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Hazard insurance: Natural disaster zones

Fact-checked with HomeInsurance.com

Hazard insurance protects your home from situations you can’t control, such as extreme winds, fire and theft. However, not everyone is familiar with hazard insurance, or understands how it works. What is the difference between hazard insurance and home insurance, and what is hazard insurance on a home?  

In this article, we’ll look at the basics of hazard insurance and explain what it does and doesn’t cover. You’ll also learn how to get additional coverage if you want even more protection. 

What is hazard insurance and how does it work? 

Hazard insurance is a portion of your homeowners insurance policy. If your home is damaged or destroyed by a covered peril, you can file a claim with the insurance company to get reimbursed for the cost of repairs. You’ll be required to pay your deductible before insurance money kicks in.

If your home is damaged, call your insurance provider to see what’s covered. If the damages are caused by a covered peril,document the damage in as much detail as possible with photos, video and written descriptions. You’ll also be given claim forms to submit to explain what happened.

Depending on the extent of the damage, the insurance company will likely send an adjuster to your home to assess the damage in person. Before they come, make a list of everything that was damaged, both inside and outside the house. If you’ve lost personal items, write them down and note how much you paid for them. 

While the insurance company is reviewing your claim, make temporary repairs to certain damages if you can. For instance, having a broken window could cause a variety of issues if it’s not fixed right away. The Insurance Information Institute recommends keeping your receipts for self-repair costs because you might get compensated by the insurance company.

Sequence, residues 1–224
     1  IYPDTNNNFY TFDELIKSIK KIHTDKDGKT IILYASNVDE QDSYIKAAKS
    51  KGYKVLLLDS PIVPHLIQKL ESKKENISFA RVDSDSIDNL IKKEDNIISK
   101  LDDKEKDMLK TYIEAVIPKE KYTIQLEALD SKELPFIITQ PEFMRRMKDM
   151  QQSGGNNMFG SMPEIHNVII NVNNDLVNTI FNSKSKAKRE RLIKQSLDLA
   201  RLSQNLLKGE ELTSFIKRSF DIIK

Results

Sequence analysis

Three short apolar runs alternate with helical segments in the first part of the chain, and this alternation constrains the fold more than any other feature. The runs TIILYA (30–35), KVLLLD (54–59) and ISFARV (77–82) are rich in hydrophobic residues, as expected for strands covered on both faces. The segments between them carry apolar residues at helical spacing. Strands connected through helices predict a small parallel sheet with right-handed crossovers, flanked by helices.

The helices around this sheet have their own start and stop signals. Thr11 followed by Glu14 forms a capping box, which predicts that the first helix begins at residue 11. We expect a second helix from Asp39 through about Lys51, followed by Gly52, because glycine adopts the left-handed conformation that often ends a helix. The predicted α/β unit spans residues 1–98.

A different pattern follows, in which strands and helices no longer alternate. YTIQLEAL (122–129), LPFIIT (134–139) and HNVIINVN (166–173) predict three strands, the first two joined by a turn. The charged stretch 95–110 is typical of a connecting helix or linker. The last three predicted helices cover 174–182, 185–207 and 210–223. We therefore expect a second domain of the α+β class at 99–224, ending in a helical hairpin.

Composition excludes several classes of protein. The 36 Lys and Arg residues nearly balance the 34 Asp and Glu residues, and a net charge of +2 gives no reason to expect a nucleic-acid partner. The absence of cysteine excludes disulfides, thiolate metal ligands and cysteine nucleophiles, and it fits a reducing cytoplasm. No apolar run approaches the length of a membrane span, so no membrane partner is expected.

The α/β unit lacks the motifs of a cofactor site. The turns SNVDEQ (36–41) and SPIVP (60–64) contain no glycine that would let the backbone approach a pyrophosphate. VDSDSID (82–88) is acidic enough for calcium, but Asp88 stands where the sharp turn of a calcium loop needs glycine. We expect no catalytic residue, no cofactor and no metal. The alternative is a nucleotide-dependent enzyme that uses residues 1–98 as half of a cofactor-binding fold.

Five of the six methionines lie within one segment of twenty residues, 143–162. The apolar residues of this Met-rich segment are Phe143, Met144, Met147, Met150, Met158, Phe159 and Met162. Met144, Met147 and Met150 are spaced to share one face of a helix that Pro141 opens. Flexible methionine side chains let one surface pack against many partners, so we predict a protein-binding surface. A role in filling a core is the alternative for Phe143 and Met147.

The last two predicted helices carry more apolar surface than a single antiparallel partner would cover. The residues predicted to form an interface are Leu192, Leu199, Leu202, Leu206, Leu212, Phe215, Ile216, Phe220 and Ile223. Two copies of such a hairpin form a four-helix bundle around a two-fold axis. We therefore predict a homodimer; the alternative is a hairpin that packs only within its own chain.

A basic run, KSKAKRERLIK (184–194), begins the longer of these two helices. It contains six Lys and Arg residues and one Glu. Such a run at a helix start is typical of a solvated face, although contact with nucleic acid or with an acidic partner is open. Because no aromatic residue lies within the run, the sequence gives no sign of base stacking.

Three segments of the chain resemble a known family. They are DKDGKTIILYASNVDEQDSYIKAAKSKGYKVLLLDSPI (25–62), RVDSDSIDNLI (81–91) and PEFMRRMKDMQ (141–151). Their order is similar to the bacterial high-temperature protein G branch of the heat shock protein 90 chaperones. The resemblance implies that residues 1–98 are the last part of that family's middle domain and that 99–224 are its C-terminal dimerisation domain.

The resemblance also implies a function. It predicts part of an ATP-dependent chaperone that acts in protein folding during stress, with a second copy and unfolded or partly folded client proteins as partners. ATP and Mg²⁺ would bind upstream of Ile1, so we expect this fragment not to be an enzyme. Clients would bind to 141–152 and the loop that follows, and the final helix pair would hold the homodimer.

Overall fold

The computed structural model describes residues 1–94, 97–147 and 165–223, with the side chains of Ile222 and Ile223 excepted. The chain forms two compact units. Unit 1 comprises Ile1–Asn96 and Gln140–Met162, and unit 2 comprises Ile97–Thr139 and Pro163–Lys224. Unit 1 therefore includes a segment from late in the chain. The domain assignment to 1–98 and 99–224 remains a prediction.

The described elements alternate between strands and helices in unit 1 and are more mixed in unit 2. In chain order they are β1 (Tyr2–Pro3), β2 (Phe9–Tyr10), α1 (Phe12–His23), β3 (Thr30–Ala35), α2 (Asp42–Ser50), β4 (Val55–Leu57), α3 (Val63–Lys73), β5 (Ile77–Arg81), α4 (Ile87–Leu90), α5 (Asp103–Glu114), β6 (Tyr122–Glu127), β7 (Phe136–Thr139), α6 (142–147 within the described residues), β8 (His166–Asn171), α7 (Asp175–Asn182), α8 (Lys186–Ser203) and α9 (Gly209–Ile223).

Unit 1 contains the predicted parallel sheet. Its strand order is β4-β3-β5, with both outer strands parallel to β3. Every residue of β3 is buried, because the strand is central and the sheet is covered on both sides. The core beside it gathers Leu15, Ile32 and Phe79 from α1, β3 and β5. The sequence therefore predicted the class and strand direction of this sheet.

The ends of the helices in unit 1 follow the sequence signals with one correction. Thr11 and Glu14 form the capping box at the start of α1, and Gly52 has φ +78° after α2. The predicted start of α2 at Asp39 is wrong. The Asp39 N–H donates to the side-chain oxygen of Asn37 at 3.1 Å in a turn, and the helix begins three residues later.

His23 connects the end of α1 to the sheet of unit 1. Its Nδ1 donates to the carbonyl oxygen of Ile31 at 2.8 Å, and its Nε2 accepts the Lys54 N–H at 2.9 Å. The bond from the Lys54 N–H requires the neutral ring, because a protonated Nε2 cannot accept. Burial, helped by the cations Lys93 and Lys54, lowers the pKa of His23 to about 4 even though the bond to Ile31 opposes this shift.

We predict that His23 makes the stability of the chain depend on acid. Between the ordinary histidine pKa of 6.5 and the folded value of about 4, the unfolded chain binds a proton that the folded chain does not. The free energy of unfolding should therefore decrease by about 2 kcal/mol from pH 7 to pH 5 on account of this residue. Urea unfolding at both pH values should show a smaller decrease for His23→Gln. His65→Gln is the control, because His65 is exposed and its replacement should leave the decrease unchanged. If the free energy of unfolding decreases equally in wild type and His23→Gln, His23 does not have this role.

After your claim is approved and you’ve paid your deductible, you’ll get reimbursed in one of two ways: actual cost value or replacement cost value.

  • Actual cost value: Actual cost value reimburses you for losses with depreciation factored in. This is the standard form of reimbursement included with most home insurance policies. For example, if you spent $2,000 to build a porch and it gets destroyed in a fire, you may only be paid $1,000 to fix it. That’s because the value of your home goes down over time. The porch is worth less today than it was when you first built it.
  • Replacement cost value: Replacement cost value is the opposite. It reimburses you for the original price you paid for something. So in the example above, you would get reimbursed the full $2,000 to rebuild your porch if it was destroyed in a fire. Replacement cost value is an add-on to your home insurance policy, and it will increase your annual premium. If the insurance company has to reimburse you for a covered loss based on replacement cost value, they will pay much more than they would for actual cost value. 

Choose the one that best fits your needs and budget.

Where in my homeowners insurance can I find my hazard coverage? 

Your homeowners insurance coverage is divided in six sections. Three of those sections involve hazard insurance—dwelling, other structures and personal property coverage. Here is a breakdown of what is included in your home insurance policy.

  • Dwelling: Dwelling coverage protects the physical structure of your home and any attached structures, like a garage or porch. It is one of the components that makes up hazard insurance. 
  • Other structures: This type of insurance covers structures that are not attached to your home, like a detached garage, pool or fence. Other structures coverage is included in hazard insurance.
  • Personal property: Personal property insurance is also covered by hazard insurance. It protects the personal belongings inside and outside of your home, like furniture, appliances, toys, clothes and garden tools.